Our recently published political history, The Assassination of Europe, 1918-1942 by Howard M. Sachar, shows students how the voice of extremism can silence those of moderation. Our upcoming reader, Muslim and Christian Contact in the Middle Ages edited by Jarbel Rodriguez, illustrates a history of conflict but also—and this may surprise students—a history of co-existence. I recently received a timely proposal for a microhistory about a businessman caught in the crosshairs of religious violence in France. Not last week, but in the sixteenth century. We need to read these books, learn the lessons that are contained in their pages, and communicate them to future generations. As educators, this is not just our job, but our responsibility.

    Every morning, I look up at all the books I have published over the years (Jill Claster’s book sits front and centre) and I think about their dedicated authors, who are a constant source of inspiration. I also think about my colleagues, whose dedication, competence, and mutual love for our books transform “work” into “pleasure” and allow a moment of gratitude to pass before I open my inbox.

  • Learning from Latin America

    To mark the recent publication of Lessons from Latin America: Innovations in Politics, Culture, and Development, authors Felipe Arocena and Kirk Bowman provide an overview of what inspired them to write the book, and Kirk Bowman discusses the benefits of using it in his Latin American politics course.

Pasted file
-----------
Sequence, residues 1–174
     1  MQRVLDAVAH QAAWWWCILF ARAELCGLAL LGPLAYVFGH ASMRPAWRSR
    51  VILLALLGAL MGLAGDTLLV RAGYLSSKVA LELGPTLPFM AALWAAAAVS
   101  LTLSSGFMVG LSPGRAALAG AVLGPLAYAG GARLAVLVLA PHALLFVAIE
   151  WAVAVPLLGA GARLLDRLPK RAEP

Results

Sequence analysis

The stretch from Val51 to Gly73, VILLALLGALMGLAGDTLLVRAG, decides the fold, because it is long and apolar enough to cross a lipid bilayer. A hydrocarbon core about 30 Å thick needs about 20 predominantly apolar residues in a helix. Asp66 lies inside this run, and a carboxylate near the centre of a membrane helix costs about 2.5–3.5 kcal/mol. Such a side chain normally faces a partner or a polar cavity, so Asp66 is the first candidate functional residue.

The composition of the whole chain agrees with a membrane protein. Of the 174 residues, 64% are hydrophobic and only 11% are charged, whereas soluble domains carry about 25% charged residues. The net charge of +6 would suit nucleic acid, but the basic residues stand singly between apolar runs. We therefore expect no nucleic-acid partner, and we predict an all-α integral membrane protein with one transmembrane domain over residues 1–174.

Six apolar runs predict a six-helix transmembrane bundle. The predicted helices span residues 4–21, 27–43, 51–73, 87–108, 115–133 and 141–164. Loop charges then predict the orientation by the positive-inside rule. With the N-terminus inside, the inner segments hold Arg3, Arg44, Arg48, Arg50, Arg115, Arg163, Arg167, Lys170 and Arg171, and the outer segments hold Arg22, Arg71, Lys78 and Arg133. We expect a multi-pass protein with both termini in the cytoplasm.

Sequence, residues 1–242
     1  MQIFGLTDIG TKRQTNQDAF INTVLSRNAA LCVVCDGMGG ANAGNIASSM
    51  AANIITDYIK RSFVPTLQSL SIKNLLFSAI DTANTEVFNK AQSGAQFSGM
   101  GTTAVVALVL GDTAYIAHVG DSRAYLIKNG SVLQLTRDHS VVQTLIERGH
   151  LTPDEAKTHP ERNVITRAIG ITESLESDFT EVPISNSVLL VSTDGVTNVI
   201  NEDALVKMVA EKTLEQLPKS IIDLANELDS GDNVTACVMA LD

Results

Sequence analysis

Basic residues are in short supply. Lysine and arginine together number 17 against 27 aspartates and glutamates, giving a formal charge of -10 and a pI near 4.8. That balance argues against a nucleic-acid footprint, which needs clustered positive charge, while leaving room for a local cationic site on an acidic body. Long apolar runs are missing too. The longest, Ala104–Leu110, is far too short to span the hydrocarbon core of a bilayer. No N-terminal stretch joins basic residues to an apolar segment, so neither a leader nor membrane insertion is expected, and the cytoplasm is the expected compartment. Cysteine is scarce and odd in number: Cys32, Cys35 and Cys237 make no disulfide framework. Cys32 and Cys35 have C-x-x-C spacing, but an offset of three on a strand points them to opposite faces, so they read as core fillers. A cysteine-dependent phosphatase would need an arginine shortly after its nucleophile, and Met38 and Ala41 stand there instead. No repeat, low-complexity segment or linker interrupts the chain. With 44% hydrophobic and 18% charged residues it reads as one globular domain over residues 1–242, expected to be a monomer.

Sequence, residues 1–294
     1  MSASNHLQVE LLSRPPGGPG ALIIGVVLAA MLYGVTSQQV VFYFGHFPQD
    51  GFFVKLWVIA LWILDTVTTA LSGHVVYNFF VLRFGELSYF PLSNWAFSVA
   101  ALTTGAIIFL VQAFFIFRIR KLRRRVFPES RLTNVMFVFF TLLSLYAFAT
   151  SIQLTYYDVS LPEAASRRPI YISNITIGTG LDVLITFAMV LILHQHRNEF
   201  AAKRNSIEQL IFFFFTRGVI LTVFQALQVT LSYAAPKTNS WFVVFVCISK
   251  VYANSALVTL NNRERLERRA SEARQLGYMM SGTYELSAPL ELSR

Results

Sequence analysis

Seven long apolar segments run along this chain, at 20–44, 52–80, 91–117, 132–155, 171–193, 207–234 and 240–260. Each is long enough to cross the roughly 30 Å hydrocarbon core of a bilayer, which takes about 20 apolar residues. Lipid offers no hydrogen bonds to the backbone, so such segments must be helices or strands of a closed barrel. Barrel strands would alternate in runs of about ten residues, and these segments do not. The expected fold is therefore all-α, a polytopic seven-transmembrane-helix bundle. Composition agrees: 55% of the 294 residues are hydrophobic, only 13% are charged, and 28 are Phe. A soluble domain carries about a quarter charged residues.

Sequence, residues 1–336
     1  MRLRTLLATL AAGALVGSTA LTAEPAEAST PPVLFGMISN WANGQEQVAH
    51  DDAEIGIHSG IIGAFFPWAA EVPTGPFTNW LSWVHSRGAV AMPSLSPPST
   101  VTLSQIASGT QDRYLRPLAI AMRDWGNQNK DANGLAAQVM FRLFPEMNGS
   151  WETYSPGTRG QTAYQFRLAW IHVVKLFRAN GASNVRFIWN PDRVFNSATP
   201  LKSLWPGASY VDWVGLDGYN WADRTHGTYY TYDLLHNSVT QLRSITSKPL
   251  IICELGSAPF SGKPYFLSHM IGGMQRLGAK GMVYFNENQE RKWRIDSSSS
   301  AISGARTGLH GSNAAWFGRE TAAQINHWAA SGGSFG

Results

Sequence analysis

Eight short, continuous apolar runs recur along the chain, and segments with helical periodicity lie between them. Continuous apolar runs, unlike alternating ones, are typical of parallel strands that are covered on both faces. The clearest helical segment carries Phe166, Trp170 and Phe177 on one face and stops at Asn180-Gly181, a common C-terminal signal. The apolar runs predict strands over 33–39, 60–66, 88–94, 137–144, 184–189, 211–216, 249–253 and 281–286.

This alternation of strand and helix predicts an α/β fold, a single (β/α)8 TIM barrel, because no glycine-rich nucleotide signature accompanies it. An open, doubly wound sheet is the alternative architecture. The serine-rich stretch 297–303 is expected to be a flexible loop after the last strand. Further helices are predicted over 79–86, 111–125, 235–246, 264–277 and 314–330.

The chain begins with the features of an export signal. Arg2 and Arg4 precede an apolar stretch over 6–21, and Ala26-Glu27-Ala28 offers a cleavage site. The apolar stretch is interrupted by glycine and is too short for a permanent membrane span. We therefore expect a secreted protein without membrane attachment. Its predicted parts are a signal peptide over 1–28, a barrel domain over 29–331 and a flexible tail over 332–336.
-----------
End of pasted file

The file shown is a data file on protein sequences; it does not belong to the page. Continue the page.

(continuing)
lessons from latin americaWe were inspired to write Lessons from Latin America largely by one of our students on a study abroad more than a decade ago. We visited the United States embassies in Montevideo, Uruguay and Buenos Aires, Argentina with twenty undergraduate students. At each embassy, a series of government officials would spend about thirty minutes explaining their job and some of their impressions. When each speaker was finished, one determined and perspicacious student would always ask the same question: What lessons could the United States learn from Uruguay (or Argentina)? The response was invariably a look of disbelief and some statement that the question was ridiculous or not serious. How could it be that the United States could learn anything from Latin America? The United States is the model to learn from. Latin America is the failure to avoid.

    We reflected regularly on that experience as our paths crossed in Montreal, Atlanta, Buenos Aires, Barcelona, and Montevideo. As researchers, we wanted to write a book that included original scholarship, where each chapter would be self-contained and article-length, and include an introduction of some important literature and original scholarly analysis. As teachers, we wanted to produce a book that was accessible to undergraduate students and that would cause students to think about the lessons of Latin America in politics, culture, and development and to challenge the conventional wisdom that Latin America is beneath the United States and Canada and a region of negatives—corruption, violence, hyperinflation, coups, and laziness. We also wanted a book that would explain the past, but also inform the events of today and perhaps even help students and readers make predictions about the future.

    After using the final book in a Latin American politics class for the first time this semester at Georgia Tech, this unique format is surpassing my expectations. There are a number of positive benefits of using this book. Some were not anticipated.